Perception trumps Intention

Have you ever had someone say, “You know, before I got to know you, I thought you were___________.”?   Put in the words that fit your particular situation.    They may have thought you were a lawyer, and in fact you’re a nurse, or they thought you were a party girl, and you’re not, or they may have even thought you were a snob, when in fact you’re the furthest thing from it.  Based on their initial impressions or perceptions of you, someone thought something about you, that once they had a chance to really get to know you, they found out wasn’t really true.  At the time, did you give some thought as to why they might have thought that about you?  Was it your intention to give that impression?

It’s very interesting to ponder, and often times in our lives we find that these first impressions, or perceptions, can create barriers to communication that can cause problems for us in our personal lives, workplaces, and our communities.   Perception trumps Intention – what do these words mean?  By definition, perception is detecting something by means of the senses, so perception means having a feeling about something, but not necessarily having concrete evidence to support that feeling.  Intention is determination to act in a certain way, or put simply, doing something on purpose.

Now think back for a moment about whether that person’s perception of you was what you intended it to be.  Most likely, it was not.  Why?  Did you talk, dress, or act in a certain way that would lead them to believe the way they did?  Was it because of the words you said or the way in which you said them? Or was it something as simple as body language?   We often give people very distinct impressions of ourselves without ever directly interacting with them.    Have you ever walked in to a store, ready to buy something, but then changed your mind because you didn’t “click” with the salesperson or they gave you an uneasy feeling?   Maybe you didn’t actually leave the store, but you waited to ask your questions or make your purchase until you found another sales associate that you felt more comfortable with.  This is a classic example of perception trumping intention.  Even though the first salesperson may have been more knowledgeable about the subject matter and had great intentions about being friendly and helpful, your perceptions of him moved you to wait to purchase or find someone else to help you.  Could that person have done something to make you perceive him differently?  If so, what would it have been?  Are there times in your life that you have that same effect on people?  What can you do differently in your own life to make sure your intentions are more in line with other peoples’ perceptions?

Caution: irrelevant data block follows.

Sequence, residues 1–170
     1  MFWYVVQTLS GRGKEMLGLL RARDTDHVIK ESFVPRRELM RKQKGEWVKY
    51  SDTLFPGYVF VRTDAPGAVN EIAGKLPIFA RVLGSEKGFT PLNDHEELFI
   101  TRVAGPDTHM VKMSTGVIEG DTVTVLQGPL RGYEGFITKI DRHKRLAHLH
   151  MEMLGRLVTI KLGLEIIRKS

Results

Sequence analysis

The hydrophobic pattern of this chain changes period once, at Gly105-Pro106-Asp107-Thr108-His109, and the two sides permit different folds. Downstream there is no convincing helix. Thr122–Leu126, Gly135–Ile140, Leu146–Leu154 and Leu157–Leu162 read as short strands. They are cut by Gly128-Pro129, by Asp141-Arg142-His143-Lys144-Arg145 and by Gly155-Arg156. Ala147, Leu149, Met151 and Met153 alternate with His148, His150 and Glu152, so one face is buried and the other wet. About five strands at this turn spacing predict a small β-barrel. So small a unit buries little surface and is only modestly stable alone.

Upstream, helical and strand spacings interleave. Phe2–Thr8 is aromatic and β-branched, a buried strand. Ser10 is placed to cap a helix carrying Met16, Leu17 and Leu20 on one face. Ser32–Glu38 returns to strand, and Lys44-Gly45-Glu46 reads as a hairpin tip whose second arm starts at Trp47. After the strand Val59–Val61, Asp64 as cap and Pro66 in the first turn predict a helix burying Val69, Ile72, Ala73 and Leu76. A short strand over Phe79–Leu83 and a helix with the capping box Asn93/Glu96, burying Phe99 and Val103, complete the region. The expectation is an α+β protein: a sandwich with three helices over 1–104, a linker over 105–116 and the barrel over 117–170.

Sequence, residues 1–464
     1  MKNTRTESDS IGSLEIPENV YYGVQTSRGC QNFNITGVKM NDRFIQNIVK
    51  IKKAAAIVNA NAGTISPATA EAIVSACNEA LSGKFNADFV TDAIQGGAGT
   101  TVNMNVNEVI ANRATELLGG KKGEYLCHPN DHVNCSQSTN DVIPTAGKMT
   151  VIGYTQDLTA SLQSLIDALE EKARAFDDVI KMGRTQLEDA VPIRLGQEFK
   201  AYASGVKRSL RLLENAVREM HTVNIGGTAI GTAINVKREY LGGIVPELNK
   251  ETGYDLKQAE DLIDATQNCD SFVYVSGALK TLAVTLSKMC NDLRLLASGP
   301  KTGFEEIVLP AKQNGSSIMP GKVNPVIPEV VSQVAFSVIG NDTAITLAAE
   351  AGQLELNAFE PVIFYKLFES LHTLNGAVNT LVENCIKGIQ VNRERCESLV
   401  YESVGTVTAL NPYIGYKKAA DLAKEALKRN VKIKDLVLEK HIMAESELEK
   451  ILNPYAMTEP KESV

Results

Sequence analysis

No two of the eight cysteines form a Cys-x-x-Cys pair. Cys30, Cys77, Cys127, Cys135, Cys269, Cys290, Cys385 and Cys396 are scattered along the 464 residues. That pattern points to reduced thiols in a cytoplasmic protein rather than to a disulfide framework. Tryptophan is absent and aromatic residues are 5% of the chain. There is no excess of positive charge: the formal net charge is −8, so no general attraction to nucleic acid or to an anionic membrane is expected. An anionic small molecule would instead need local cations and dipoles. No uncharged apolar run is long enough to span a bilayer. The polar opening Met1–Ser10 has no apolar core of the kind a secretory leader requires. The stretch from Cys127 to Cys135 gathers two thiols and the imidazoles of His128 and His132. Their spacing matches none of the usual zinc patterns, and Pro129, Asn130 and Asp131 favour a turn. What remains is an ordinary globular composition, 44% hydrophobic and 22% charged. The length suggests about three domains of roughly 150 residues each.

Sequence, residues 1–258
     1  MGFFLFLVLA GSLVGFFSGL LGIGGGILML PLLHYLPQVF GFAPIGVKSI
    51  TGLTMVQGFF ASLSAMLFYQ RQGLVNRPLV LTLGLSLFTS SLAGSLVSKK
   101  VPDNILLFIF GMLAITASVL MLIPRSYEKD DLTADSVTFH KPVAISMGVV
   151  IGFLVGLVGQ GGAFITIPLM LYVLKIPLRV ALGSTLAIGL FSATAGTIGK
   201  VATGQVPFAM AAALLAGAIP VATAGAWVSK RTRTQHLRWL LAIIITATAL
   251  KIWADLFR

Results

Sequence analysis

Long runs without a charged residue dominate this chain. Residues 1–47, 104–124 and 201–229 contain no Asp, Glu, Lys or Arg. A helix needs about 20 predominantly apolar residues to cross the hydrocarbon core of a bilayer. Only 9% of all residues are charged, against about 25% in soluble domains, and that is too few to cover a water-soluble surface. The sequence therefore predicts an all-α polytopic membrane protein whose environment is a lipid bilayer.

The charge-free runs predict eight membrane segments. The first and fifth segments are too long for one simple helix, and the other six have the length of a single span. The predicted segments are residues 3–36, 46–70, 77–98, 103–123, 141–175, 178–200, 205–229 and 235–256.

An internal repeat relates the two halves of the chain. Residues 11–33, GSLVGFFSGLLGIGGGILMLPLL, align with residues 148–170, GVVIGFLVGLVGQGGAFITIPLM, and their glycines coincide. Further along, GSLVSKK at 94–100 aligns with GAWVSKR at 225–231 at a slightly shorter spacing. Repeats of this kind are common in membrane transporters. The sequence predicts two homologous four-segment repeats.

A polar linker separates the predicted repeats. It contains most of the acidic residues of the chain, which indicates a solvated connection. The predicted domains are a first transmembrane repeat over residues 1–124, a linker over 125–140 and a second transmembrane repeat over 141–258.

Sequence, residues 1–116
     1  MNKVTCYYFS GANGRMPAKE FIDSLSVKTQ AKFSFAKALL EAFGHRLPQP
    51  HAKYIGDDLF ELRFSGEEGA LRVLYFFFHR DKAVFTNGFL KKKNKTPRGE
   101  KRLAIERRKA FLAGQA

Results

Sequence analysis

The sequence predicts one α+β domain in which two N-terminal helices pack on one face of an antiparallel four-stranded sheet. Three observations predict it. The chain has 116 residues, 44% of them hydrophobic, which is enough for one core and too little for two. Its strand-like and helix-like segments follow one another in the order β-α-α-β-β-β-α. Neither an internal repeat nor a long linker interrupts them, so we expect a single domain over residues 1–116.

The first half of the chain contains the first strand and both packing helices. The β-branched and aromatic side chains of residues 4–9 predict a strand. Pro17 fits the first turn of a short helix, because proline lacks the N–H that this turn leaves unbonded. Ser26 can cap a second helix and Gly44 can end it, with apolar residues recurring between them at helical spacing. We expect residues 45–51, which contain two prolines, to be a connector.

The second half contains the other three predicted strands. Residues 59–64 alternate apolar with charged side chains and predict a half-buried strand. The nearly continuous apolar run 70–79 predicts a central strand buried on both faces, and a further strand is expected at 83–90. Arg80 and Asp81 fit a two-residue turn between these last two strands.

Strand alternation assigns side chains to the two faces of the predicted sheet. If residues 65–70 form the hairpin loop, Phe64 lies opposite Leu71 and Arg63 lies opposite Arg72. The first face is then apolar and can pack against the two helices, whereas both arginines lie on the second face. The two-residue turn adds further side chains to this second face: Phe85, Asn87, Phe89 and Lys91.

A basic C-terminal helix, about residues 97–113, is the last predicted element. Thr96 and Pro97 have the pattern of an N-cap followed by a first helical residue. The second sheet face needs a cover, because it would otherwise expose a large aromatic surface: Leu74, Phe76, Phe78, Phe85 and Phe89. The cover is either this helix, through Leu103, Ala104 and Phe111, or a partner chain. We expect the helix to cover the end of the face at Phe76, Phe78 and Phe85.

By becoming more aware of how others perceive you, you will likely discover some things about yourself that will help you become a better communicator at home, in your workplace, and your community.

“A moment’s insight is sometimes worth a life’s experience.” – Oliver Wendell Holmes